Routine Log Rotation Suspended my IPv6 Today.

Today is May 1.

On most Linux systems, there are “log rotations” which can take place daily, weekly, or monthly. Log rotations frequently but not always require that a service be restarted. This is because while log files have been renamed, the service which is writing log data to them, retains a handle to the same file as before, unless that service is restarted. Once the service is restarted, it obtains a new handle from the O/S, for a fresh log file.

Most of my log rotations have no side-effects. But when I set up my ‘OpenVPN’ -protocol VPN server, I decided to set up a monthly log rotation associated with it, which also has as post-log-rotate job, to restart this VPN.

Oddly enough, this does not impede the VPN service from restarting. But as a side-effect, this knocks my (Debian) ‘Miredo’ client off-line every time, which gives me IPv6 connectivity when it is running, by way of a Teredo server.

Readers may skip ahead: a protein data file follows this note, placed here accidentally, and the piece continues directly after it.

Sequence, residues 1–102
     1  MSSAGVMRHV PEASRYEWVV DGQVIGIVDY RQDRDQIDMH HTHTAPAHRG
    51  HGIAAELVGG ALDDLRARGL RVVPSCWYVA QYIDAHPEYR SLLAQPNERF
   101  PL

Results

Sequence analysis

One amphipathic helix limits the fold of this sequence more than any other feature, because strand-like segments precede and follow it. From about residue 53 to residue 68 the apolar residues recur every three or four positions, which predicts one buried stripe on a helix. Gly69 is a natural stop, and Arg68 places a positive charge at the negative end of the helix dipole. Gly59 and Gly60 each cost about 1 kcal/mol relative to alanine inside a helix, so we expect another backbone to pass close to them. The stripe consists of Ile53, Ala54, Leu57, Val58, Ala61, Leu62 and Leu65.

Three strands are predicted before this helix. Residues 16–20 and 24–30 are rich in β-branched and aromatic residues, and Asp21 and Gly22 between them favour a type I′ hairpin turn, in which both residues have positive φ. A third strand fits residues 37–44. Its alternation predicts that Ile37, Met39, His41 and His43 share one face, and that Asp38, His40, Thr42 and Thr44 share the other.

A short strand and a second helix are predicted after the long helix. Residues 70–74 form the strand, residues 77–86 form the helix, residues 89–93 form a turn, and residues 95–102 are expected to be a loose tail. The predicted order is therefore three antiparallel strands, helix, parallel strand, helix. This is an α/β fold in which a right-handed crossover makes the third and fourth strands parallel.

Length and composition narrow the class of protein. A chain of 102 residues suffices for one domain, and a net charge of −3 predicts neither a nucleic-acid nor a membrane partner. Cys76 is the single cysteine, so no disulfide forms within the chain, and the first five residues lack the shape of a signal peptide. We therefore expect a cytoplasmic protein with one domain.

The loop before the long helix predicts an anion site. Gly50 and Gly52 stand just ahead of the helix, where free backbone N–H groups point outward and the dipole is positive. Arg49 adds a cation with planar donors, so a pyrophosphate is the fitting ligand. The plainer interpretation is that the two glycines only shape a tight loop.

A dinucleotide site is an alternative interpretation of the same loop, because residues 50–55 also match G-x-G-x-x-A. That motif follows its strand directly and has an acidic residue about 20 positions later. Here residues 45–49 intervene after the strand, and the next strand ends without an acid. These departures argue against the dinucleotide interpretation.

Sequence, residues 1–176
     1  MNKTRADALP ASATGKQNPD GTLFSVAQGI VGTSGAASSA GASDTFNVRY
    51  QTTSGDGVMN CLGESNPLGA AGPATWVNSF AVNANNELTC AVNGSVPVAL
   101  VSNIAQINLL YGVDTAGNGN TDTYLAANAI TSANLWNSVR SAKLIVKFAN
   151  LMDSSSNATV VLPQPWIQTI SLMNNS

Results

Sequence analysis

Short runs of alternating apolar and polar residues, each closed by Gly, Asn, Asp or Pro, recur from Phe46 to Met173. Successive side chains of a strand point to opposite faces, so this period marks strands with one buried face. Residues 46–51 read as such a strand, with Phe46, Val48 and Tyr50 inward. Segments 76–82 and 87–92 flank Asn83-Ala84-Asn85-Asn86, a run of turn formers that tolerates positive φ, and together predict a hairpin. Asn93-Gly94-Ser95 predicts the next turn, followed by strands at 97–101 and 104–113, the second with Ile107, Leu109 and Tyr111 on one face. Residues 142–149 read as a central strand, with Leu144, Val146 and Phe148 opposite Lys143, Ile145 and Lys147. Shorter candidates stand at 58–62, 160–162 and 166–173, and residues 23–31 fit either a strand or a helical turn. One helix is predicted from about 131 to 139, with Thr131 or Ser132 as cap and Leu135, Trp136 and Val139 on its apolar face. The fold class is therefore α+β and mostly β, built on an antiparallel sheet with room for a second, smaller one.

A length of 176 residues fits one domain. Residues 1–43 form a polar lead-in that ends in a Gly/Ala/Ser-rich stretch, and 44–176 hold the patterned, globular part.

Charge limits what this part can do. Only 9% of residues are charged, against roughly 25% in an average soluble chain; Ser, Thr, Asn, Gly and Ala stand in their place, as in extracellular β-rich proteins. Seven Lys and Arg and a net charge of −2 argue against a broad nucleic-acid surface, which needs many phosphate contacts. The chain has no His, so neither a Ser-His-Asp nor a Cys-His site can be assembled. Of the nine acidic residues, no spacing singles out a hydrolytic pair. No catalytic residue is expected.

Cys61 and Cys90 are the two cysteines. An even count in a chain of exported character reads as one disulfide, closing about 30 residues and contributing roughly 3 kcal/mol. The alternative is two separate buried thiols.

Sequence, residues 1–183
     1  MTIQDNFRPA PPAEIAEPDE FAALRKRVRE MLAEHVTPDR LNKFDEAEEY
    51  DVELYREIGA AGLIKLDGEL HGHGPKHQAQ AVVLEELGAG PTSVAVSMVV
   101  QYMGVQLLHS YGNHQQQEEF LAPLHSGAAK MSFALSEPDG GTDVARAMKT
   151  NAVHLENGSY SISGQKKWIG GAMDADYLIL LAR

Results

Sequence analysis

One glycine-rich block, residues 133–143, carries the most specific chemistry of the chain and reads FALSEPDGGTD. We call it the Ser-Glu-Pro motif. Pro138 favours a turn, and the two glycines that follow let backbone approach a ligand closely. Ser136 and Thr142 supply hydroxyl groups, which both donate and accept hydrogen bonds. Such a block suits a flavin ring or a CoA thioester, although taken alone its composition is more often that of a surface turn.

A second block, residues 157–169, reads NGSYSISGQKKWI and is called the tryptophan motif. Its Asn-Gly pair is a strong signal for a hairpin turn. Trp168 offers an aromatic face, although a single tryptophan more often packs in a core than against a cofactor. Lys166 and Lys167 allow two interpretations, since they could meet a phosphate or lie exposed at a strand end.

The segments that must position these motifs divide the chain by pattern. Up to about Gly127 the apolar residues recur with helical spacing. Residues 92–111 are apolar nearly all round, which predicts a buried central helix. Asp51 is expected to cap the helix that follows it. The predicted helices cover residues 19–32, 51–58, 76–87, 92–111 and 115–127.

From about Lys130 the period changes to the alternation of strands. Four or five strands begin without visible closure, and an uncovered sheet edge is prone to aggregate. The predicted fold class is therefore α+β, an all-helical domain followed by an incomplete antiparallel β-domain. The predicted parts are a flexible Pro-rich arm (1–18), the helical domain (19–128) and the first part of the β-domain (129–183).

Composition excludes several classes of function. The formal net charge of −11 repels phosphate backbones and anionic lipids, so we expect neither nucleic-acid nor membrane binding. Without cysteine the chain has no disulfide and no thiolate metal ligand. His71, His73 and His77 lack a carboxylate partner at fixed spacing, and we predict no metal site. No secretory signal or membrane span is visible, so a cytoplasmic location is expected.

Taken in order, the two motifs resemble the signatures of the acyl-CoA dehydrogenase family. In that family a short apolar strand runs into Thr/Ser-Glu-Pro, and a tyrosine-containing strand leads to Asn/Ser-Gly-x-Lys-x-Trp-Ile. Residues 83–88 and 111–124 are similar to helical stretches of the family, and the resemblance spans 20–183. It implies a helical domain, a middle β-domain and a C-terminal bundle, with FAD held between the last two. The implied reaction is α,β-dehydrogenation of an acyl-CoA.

It seems that the authors of ‘Miredo’ have already observed, that restarting something that upsets the IP stack in this way, can knock their client off-line, and so the makers of this package omitted any logging, or log rotation, for ‘Miredo’. But whenever by VPN server is restarted, this affects the Teredo client I just named.

Today is May 1. So therefore in a routine way, my IPv6 address was knocked off-line by the monthly log rotation this morning. And this effect lasted, until I manually restarted the Teredo client in question.

So as I am writing this, I have an IPv6 address again.